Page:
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The throw-away culture comes to card payments on the web. Single-use card numbers could be the answer to online fraud.
Fear can be a powerful motivator. It can make people keep the closet light on at night. It can keep people from flying in airplanes. And it can keep people from shopping online.
In spite of the great gains that online shopping has made in the past couple years-e-retailing volume in 2001 was 20% greater than in 2000 and double 1999’s volume-there is still a vast body of consumers who are afraid to shop online. In fact, the Washington D.C.-based National Consumers League reports that 43% of adults say their biggest worry about online shopping is that their credit card numbers will be stolen. Furthermore, 59% believe it is safer to pay with a check or money order online than with a credit card.
Few know that most credit card issuers offer zero liability for fraud charged to consumers’ cards online. “The perceived fear is real and it’s enough to keep the e-commerce market down,” says Susan Grant, vice president for public policy at the National Consumers League and director of the Internet Fraud Watch program, where consumers can report online fraud and get information. “It needs to be addressed.”
Three major card issuers, a credit card processor and a technology vendor believe they have devised a way to address those concerns: throw-away credit card numbers. Card issuers American Express Co., Discover Card Services and MBNA, transaction processor First Data Corp. and New York-based security vendor Orbiscom Inc. are promoting the use of unique, substitute card numbers to consumers.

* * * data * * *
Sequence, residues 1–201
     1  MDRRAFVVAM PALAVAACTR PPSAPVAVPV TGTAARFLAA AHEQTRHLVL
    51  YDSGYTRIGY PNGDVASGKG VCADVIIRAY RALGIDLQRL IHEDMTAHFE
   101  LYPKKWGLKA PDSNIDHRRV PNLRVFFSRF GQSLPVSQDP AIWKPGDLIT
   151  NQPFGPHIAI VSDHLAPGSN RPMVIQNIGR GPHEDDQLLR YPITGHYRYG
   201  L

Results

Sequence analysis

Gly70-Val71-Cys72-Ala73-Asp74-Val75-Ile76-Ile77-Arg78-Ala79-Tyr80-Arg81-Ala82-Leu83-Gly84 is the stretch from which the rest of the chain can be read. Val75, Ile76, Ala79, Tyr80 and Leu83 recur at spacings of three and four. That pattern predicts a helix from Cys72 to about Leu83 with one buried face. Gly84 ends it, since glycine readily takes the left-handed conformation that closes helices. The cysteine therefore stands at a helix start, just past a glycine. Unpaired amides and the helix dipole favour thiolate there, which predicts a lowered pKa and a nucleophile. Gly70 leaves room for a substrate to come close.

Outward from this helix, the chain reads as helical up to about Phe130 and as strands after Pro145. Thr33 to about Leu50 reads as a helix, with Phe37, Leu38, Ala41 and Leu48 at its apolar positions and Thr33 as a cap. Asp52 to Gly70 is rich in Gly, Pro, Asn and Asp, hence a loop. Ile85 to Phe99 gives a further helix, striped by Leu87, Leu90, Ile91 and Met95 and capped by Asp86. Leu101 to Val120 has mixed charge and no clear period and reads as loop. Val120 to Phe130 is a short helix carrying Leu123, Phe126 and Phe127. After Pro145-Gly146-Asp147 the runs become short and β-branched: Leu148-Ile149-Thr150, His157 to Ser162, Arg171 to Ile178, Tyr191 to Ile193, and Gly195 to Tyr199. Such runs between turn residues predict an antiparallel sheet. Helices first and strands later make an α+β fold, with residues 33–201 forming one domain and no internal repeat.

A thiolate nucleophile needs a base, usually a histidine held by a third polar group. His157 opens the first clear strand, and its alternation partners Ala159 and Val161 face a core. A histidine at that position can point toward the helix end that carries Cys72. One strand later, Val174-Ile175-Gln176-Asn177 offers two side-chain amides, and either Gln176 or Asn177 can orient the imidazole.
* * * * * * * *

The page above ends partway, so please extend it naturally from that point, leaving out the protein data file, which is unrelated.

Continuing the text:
So far, usage has been limited and some critics argue that the rise of such programs as Verified by Visa and MasterCard’s Secure Payment Application could make disposable card numbers obsolete before they even get widespread distribution. But proponents note that single-use card numbers are easier to implement than MasterCard and Visa identification verification programs and that consumers already have accepted them.
Merchants and transaction processors don’t have to do anything different to accept one-use card numbers. As far as the merchant is concerned, the consumer is using a credit card number like any other. The merchant passes the transaction to its processor the same way it does every other credit card transaction. “The retailer makes no investment and there is no re-wiring of internal infrastructure,” says Orbiscom Executive Vice President Tom Seltzer.
MasterCard, however, believes that its soon-to-be-mandated security products will require minimal system upgrades and can be used in conjunction with single-use card numbers. Furthermore, the association says its payment authentication system can expand merchants’ global reach as well as give them guaranteed payments.
As for consumers, proponents point out that disposable account numbers have made users so comfortable that shoppers who use them spend more online than shoppers who don’t. “Consumers are spending more with disposable card numbers-the average ticket size is going up in excess of 23% and they transact 1.3 to 1.6 times more frequently per month because they have confidence in the security,” Seltzer says. “The ROI from more transactions and higher card balances is the real opportunity for merchants and card issuers.”